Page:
Learn About Android Manifest.Xml File

Android Manifest file

Every application in Android has an Android manifest file that is present in its root directory. It is an XML file that works as a bridge between developers and the Android system. The Android manifest XML file allows the developer to tell all the functionalities and requirements of the application. It contains the names of the Java package for the application. It describes the component of the application Activities, Services, Broadcast Reciever and the Content Provider that the application is composed of. In this, the user can interact with the application by giving the required permission to the manifest XML file.
The Android Manifest.xml is generated as a part of the build process and XML found within the properties of the \Android Manifest.xml merged with the XML generated based on custom attributes. The merging Process is trivial. It uses the custom attributes within the code to generate XML elements.
  1. <manifest xmlns:android=http://schemas.android.com/apk/res/android  
  2. package="string"  
  3. android:shareduserId="string"  
  4. android:sharedUseLabel="string resource"  
  5. android:versionCode="integer"  
  6. android:versionName="string"  
  7. android:installation=["auto" "internally" "preferExternal" ]> 
Elements of the Android manifest.xml file
These are the elements of the Android manifest.xml file that cannot be changed and you cannot add your elements to the Android Manifest file:
  • <action>
  • <application>
  • <activity-alias>
  • <application>
  • <category>
  • <data>
  • <grant-uri-permission>
  • <instrumentation>
  • <intent-filter>
  • <manifest>
  • <meta-data>
  • <permission>
  • <permission-group>
  • <permission-tree>
  • <provider>
  • <receiver>
  • <service>
  • <support-screens>
  • <uses-configuration>
  • <uses-features>
  • <uses-library>
  • <uses-permission>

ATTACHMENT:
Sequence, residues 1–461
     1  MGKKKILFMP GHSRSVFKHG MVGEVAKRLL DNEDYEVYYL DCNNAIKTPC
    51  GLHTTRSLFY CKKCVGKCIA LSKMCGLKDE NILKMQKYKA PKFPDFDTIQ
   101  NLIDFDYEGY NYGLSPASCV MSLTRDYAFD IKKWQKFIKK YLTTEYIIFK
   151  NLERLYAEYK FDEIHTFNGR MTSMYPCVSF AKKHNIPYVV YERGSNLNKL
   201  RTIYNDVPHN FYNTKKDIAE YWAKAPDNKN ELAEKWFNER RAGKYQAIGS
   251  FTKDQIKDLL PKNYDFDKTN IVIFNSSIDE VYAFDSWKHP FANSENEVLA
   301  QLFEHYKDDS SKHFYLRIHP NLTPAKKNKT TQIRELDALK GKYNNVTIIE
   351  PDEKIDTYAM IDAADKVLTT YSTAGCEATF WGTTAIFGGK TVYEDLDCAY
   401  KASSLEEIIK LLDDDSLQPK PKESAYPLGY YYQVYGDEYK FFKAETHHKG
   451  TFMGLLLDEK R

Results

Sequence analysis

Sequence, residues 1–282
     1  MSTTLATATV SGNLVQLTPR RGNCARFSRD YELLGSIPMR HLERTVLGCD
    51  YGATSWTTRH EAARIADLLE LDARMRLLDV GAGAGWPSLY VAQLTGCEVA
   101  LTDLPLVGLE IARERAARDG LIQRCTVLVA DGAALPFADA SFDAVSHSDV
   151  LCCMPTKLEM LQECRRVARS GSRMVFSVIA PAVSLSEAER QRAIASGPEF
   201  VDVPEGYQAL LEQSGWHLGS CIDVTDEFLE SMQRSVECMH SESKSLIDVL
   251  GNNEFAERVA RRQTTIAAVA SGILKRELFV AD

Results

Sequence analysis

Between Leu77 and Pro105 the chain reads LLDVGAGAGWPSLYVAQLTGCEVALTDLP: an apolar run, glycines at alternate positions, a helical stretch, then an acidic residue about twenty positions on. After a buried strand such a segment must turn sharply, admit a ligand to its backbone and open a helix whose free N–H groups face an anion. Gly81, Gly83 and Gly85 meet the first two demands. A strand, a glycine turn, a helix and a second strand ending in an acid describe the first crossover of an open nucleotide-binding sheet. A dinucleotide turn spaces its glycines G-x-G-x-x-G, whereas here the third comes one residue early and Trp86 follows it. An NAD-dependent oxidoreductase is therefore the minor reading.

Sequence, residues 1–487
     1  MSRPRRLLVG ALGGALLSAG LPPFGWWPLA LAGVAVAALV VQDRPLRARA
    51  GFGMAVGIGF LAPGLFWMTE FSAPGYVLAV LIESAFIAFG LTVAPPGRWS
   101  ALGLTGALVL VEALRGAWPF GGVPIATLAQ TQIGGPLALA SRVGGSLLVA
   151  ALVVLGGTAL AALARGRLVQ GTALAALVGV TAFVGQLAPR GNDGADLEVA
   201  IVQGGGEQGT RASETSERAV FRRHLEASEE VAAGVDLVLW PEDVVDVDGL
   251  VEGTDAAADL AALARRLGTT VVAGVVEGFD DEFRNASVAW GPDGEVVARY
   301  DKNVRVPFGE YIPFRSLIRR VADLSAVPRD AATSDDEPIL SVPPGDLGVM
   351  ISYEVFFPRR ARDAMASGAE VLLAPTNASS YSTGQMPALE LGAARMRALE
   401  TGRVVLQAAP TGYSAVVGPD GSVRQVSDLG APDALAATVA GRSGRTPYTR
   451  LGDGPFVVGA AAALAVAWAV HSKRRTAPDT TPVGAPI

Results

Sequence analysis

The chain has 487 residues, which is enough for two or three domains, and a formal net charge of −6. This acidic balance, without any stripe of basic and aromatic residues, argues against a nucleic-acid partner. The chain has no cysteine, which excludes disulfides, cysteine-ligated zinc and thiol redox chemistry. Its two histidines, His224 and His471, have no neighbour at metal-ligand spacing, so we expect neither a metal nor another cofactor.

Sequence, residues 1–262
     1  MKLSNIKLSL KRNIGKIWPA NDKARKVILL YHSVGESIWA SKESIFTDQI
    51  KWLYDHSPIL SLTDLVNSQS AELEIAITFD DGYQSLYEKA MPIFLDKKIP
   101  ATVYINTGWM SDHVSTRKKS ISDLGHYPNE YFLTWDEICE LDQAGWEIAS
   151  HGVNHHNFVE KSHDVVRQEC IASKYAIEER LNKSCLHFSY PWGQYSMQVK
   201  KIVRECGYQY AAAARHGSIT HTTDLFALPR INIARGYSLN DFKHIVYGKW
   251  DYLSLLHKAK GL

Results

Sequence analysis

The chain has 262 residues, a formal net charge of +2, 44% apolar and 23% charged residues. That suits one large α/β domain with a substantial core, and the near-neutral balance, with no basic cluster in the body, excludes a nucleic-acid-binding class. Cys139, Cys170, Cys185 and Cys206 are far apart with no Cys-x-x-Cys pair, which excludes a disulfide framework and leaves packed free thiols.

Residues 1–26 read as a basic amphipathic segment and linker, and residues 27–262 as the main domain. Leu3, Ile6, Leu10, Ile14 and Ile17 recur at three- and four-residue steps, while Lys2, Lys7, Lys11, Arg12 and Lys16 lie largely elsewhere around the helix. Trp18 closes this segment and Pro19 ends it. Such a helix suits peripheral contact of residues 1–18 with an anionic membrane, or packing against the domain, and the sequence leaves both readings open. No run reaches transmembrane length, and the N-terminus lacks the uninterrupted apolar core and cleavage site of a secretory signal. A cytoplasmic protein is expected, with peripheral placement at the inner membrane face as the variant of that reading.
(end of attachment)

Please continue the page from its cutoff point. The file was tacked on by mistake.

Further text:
• <uses-sdk>
Elements of application component
These should be enclosed in the <application> container:
  • activity: has the set of attributes based on the user interface 
  • activity-alias: specific target activities
  • service: has the operation provided by any library or API, running in the background that is not visible
  • receiver: enables the application to receive intents that are broadcast by the system or application
  • provider: provides some structure to access application data
This information is needed by the system to run any file of the application. That's why this file is created during installation, not during execution.
Structure of Android Manifest file
Simple Android manifest.xml file
  1. <?xml version="1.0" encoding="utf-8"?>  
  2. <manifest xmlns:android="http://schemas.android.com/apk/res/android"  
  3.     package="com.urlconnect"  
  4.     android:versionCode="1"  
  5.     android:versionName="1.0" > 
  1. <uses-permission android:name="android.permission.INTERNET" />  
  2.     <uses-permission android:name="android.permission.ACCESS_NETWORK_STATE" />   
  4.     <uses-sdk  
  5.         android:minSdkVersion="7"  
  6.         android:targetSdkVersion="16" />  
  8.     <application  
  9.         android:allowBackup="true"  
  10.         android:icon="@drawable/ic_launcher"  
  11.         android:label="@string/app_name"  
  12.         android:theme="@style/AppTheme" >  
  13.         <activity  
  14.             android:name="com.urlconnect.MainActivity"  
  15.             android:label="@string/app_name" >  
  16.             <intent-filter>  
  17.                 <action android:name="android.intent.action.MAIN" />  
  19.                 <category android:name="android.intent.category.LAUNCHER" />  
  20.             </intent-filter>  
  22.          </activity>  
  24.     </application>  
  26. </manifest> 
The Android Manifest file must be the file name and should be present in a root directory.
Elements inside this have no specific order.
How to declare the class in the Manifest file
  1. <manifest>  
  2.        <application>  
  3.            <service  android:name="com.example.project.secretServices"  
  4.            </service>  
  5.        </application>  
  6. </manifest>